I don’t consider Cannibal Holocaust a classic or misunderstood work of art. It’s an exploitation horror film and what mileage you roll out of it will depend entirely on your taste in movies. I don’t think Deodato had much consideration for the long-term passionate debate this film would spark after its release. The film certainly offers up some interesting social commentary about journalistic ethics that are relevant today with social media influences going to upsetting lengths to get clicks, but ultimately anything meaty thematically is sidelined in favor of excruciatingly extensive shock-and-awe graphic content. Plain and simple, I think Deodato just made this film as shocking as possible to make a quick buck and things got out of hand.
I love cannibal films and their cheesy exploitive nature, but this one is a test for sure. Picking up this 4K release I was actually hoping it would have been one of the censored edits, the Animal Cruelty-free version would have been ideal, but I again found myself skipping a few scenes just to make it through. I’m not very familiar with all the different edits out there, I haven’t spent the time cataloging them, but my understanding is this release from 88 Films is missing a couple of seconds of content but where or what I couldn’t tell you as more than enough graphic and unsettling material remains. Some controversial films are reappraised and the controversy subsides, but Cannibal Holocaust will always be a hot-button passionate topic. Trash or art or arty trash, you’ll have to see it for yourself to decide.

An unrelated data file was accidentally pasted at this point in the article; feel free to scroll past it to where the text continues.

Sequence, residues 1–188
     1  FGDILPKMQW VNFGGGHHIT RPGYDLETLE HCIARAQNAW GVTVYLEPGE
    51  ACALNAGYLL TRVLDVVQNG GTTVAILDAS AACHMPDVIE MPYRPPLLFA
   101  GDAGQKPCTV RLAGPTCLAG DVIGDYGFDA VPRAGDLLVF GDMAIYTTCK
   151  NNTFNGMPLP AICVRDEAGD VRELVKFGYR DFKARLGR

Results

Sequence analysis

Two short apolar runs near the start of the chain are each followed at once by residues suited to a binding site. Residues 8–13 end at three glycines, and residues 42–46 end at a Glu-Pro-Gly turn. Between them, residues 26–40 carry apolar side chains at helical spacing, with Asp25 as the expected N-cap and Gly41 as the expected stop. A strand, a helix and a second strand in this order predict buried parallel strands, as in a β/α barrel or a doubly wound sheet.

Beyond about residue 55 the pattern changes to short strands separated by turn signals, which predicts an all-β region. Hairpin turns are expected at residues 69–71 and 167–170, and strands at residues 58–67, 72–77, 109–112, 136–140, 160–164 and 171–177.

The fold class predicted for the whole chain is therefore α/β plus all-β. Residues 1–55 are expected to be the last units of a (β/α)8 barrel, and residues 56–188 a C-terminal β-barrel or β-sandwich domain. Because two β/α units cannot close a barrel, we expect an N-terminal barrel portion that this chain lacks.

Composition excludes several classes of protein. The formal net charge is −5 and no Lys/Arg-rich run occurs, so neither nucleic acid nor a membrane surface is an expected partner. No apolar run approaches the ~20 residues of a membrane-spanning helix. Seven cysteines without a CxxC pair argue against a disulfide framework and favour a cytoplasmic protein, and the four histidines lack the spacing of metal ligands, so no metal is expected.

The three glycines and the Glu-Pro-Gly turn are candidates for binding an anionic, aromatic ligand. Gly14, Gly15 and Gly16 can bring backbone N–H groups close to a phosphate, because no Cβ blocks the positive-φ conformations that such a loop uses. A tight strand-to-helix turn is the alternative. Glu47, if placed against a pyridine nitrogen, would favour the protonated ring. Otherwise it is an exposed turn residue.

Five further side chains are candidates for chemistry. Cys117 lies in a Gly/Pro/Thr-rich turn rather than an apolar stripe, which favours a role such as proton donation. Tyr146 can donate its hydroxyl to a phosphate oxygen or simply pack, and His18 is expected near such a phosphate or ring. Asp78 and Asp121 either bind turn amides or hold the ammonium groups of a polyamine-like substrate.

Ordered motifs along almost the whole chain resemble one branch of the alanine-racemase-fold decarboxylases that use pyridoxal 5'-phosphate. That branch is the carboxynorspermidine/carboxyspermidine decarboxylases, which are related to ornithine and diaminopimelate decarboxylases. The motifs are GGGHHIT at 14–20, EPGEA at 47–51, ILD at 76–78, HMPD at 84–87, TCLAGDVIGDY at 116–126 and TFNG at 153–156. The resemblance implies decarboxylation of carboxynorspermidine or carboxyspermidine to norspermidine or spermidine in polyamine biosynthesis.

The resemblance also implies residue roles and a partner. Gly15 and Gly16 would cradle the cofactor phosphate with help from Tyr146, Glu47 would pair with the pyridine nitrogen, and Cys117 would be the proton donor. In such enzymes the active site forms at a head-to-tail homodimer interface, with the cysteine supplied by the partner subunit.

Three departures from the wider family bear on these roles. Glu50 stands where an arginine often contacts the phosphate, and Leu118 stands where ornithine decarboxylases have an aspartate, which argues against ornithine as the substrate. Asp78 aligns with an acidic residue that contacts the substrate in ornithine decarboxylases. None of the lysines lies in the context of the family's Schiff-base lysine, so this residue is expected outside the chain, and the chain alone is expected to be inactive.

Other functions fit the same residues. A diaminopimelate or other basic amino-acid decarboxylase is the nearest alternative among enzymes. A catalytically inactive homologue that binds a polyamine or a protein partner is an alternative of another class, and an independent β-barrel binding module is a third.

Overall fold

Vital Disc Stats: The 4K Ultra HD Blu-ray
Crawling out of the Green Inferno, Cannibal Holocaust barbeques 4K Ultra HD Blu-ray with a new two-disc set from 88 Films. The 4K version is pressed on a BD-66 disc with the 1080p picking up a Region B locked BD-50 disc. The discs are housed in a two-disc black case with separate trays, offering reversible insert art and slipcover. Also included is a two-sided mini-poster and a 40-page booklet.
Coming in hot and heavy with a fresh new 4K restoration, 88 Films delivers an often stunningly beautiful and detailed 2160p Dolby Vision (with HDR10+) transfer. This film has always been treated fairly well on home video, and this transfer holds high marks. Fine details in facial features, the scenic locations, costumes, makeup, gore, and yes even some animal dismemberment is all on display for you to either digest or regurgitate. Fine film grain is retained throughout for a healthy cinematic appearance without appearing scrubbed or hit with DNR or edge enhancement. Some sections the grain structure can be a tad noisy but that’s mostly a hallmark of the “found” footage scenes since those scenes were captured in 16mm.